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  • RELIGION

    Family Synod neglects feminine genius

    • Beth Doherty
    • 29 October 2015
    28 Comments

    We can assume that despite the recent Synod's focus on families, most of the voters have never had any involvement in raising families, and certainly not of experiencing pregnancy and childbirth. None have directly dealt with an abusive spouse, struggled to regulate family size, questioned whether to stay in an unhappy marriage, or dealt with a child identifying as gay, lesbian or transgender. Last year, I spent time working in a parish in Paraguay, where, unlike the church more broadly, women run the show.

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  • AUSTRALIA

    Family rape victims delivered to a worse hell

    • Madeleine Hamilton
    • 07 September 2015
    8 Comments

    While at Melbourne's Winlaton Youth Training Centre, many became victims of sexual and physical assaults by staff and other girls. This was how the state of Victoria looked after its most vulnerable girls, who following their incarceration were simply expected to get on with their lives. Except many didn't. As the list of witnesses for the Royal Commission hearing was being finalised, I was told: 'There's going to be a lot of very angry and re-traumatised mothers and grandmothers.'

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  • AUSTRALIA

    The seven Dadly sins

    • Barry Gittins
    • 04 September 2015
    7 Comments

    As Father's Day looms, I embrace zen introspection. My beloved Keeper and I have two offspring, a daughter — a sweetheart aged 12, turning 30 — and a son — boisterously nine. Life changed unrecognisably with their arrival, and overwhelmingly for the better. This Sunday I will join the ranks of sleepy paters, gingerly drinking dubious coffee, eyeing off culinary abominations and graciously acknowledging new socks.

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  • ARTS AND CULTURE

    The holy mystery of why the Sisters are not in charge of the Church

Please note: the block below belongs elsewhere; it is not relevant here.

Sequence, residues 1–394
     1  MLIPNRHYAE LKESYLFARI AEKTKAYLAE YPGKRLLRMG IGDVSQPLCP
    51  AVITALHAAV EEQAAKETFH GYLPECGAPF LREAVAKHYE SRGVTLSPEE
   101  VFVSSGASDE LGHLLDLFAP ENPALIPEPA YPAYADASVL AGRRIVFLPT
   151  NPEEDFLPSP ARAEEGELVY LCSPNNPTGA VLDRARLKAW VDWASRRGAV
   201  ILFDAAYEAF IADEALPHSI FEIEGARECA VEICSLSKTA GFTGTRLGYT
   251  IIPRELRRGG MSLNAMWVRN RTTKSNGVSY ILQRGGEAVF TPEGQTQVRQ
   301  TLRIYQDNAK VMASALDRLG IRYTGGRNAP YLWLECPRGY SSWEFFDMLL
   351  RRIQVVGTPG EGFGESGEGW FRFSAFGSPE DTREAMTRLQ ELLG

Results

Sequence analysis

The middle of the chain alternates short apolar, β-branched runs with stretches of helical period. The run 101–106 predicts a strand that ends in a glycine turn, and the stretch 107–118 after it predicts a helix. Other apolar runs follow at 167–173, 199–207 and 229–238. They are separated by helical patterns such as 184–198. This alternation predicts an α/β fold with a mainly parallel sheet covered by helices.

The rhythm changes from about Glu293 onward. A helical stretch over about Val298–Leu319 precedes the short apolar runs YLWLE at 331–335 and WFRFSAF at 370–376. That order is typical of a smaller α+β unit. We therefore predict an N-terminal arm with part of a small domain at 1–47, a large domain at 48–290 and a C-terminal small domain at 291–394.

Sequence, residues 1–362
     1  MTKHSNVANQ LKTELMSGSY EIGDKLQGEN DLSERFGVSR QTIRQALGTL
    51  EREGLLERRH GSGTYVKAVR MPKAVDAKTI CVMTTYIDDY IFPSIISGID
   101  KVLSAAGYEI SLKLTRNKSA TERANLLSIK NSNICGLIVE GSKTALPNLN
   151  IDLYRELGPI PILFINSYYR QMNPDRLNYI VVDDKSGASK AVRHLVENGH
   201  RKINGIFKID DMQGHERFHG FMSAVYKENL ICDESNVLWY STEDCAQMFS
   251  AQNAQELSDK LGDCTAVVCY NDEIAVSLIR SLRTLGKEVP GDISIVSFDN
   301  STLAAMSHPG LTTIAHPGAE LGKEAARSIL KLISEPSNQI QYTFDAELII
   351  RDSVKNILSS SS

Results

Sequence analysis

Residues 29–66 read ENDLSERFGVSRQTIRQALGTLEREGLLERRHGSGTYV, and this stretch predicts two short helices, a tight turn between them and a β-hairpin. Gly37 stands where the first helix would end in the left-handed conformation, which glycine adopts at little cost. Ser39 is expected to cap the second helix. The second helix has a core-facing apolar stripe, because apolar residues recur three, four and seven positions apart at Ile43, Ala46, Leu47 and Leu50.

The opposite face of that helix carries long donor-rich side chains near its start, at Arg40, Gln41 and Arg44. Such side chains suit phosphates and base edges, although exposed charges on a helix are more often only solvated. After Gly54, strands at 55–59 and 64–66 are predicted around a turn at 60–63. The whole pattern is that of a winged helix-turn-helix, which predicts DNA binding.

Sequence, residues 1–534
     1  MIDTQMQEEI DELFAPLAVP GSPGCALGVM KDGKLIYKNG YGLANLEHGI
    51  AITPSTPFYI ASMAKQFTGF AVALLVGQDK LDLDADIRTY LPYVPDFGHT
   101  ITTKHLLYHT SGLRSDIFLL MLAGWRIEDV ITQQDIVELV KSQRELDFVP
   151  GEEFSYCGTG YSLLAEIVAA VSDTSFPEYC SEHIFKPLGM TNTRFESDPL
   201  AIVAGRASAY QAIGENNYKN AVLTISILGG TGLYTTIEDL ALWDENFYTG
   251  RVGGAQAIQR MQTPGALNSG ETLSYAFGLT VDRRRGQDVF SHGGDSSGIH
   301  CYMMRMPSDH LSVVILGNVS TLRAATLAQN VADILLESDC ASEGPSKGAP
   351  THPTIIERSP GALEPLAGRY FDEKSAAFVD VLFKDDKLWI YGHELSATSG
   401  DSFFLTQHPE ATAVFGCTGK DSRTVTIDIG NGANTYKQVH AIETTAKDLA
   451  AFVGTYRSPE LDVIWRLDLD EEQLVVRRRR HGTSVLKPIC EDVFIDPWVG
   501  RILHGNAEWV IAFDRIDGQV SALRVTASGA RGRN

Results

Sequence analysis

• Brian Doyle
    • 19 August 2015
    27 Comments

    Not one of them ever raped a child or moved rapists from one parish to another. Not one of them ever played havoc with church funds. Not one of them ran off with a secretary. As far as I could tell each of them embraced hard work, and kindness, and humility and was every bit as committed and dedicated to the ancient mission of the Church as any priest or brother or abbot or bishop or cardinal or pope.

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  • AUSTRALIA

    Politicians' cognitive dissonance over blaming the system

    • Fatima Measham
    • 11 August 2015
    12 Comments

    Words like rorter, bludger and leaner only ever seem to apply to those who apply for welfare. A politician who draws down unreasonably on entitlements or a banker who earns stratospheric bonuses are seen as passive beneficiaries of the system. It seems the case that only those with power or capital are allowed to blame systems. The rest of us get to be individuals who make choices.

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  • ARTS AND CULTURE

    Thoughts on a lonely God

    • Gillian Bouras
    • 10 August 2015
    12 Comments

    When my son was four, he asked me one night, 'Why did God make the world and us?' I nearly broke a plate while searching for an answer; in the event, he beat me to it. 'I think he did it because he was lonely.' Perhaps the great, 'blasphemous' Greek writer Nikos Kazantzakis also considered the possibility of God's loneliness, for at one stage he wrote: 'My God and I are horsemen: we ride and converse.'